According to David Wishart, [PhD,] the senior scientist on the project, medical textbooks list anywhere from 50-100 chemical compounds in urine, and standard urine tests (like when you pee into a cup to test for drug use) only check for six or seven compounds.
There’s lots of potential reasons why we’d want to know exactly what’s going on in our urine; it can help us understand how our diet affects our waste management system, and how our bodies process food and liquid.
In this study, published in PLOS ONE, researchers used a variety of chemical analysis techniques to identify and quantify chemical compounds from the samples and reviewed more than 100 years of scientific literature on urine using data-mining computer techniques, according to a release. The chemical inventory resulting from the study can be found in the Urine Metabolome freely available electronic database.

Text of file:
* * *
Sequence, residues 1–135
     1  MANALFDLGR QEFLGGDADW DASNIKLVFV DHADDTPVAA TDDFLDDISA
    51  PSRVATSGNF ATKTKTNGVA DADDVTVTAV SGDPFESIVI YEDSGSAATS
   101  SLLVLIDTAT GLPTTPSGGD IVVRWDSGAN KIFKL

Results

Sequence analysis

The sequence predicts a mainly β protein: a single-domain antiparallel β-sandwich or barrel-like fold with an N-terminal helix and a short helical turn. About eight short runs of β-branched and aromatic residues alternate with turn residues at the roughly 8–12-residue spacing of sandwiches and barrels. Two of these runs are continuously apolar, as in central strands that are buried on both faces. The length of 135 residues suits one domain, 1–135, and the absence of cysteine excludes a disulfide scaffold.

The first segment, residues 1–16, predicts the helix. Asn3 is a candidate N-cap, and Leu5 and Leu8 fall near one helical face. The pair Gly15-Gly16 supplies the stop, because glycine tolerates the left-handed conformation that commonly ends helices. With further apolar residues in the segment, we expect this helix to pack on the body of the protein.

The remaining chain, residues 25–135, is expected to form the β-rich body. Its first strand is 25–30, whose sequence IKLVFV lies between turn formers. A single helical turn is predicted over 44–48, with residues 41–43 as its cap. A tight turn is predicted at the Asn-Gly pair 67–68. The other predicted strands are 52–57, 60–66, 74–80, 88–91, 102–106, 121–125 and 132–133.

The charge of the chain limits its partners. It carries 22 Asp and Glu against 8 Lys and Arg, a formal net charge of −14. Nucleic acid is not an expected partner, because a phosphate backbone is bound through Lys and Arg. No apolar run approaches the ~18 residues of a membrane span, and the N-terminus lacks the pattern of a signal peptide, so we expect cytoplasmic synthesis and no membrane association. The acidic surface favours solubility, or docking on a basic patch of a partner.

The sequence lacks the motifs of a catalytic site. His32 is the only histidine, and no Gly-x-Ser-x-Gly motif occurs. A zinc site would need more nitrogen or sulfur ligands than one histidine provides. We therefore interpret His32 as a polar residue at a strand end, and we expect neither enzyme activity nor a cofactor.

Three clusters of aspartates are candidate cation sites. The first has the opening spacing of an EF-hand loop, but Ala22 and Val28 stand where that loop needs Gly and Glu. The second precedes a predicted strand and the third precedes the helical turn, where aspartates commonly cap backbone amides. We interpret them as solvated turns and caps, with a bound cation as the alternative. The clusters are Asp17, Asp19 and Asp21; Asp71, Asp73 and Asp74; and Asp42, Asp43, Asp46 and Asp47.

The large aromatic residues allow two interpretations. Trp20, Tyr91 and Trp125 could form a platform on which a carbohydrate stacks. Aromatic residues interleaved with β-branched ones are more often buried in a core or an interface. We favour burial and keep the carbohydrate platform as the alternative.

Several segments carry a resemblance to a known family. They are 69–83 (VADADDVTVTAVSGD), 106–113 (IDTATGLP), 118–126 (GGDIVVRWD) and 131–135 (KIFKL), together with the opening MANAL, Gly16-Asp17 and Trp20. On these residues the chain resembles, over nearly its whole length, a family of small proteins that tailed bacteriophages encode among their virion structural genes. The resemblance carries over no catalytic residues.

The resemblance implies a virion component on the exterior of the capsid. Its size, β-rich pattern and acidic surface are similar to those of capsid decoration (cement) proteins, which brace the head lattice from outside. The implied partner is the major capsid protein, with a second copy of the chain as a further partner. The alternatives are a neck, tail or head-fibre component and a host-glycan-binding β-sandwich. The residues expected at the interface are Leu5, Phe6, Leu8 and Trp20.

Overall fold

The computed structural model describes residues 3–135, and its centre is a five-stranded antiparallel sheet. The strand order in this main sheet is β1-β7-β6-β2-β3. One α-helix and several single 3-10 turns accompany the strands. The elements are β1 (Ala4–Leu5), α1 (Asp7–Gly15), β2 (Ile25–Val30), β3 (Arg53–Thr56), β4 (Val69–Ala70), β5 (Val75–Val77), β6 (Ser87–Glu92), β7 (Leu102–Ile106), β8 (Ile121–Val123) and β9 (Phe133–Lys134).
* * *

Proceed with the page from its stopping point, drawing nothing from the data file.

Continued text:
The release notes that new urine-based diagnostic tests are already being developed for certain types of cancer, celiac disease, ulcerative colitis and more, potentially sparing a patient blood tests or more invasive procedures.
And a fun fact from the study:
The average adult generates between 1.5–2.0 liters of urine per day, which over the course of their lifetime would be enough to fill a small backyard swimming pool (5 X 8 X 1.5 m).